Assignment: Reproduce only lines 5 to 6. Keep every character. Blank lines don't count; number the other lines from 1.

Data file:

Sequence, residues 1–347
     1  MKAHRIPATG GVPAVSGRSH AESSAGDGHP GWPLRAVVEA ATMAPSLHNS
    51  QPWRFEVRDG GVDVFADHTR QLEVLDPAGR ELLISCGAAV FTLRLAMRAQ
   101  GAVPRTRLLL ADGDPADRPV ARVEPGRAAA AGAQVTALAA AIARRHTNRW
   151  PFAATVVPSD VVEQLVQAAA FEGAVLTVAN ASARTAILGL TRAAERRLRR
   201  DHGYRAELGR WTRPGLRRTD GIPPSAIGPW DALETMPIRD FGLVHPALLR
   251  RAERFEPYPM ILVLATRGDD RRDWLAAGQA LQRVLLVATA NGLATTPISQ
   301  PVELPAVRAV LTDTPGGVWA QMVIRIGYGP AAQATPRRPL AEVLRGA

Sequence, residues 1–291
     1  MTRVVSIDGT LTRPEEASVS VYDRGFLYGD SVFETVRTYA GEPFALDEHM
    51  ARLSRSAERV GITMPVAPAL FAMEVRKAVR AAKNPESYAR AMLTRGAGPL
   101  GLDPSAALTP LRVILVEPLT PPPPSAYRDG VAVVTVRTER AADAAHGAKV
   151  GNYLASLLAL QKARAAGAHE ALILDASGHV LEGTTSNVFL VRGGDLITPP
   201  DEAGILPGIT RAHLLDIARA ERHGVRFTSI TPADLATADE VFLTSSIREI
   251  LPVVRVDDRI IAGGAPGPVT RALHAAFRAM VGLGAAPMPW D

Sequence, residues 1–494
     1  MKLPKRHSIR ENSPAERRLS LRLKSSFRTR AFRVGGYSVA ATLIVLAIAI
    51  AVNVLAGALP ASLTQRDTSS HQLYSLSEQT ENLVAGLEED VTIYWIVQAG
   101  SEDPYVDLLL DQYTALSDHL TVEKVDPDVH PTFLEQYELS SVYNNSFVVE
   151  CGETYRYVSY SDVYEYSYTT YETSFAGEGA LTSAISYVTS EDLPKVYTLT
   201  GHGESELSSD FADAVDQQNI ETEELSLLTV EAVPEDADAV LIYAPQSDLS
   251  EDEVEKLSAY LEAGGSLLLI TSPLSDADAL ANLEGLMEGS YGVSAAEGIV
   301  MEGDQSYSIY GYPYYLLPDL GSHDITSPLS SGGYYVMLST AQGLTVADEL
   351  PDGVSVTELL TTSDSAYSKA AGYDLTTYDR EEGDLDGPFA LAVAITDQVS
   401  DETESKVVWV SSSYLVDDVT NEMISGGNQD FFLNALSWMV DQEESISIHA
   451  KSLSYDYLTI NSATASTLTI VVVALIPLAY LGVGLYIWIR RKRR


   151  PFAATVVPSD VVEQLVQAAA FEGAVLTVAN ASARTAILGL TRAAERRLRR
   201  DHGYRAELGR WTRPGLRRTD GIPPSAIGPW DALETMPIRD FGLVHPALLR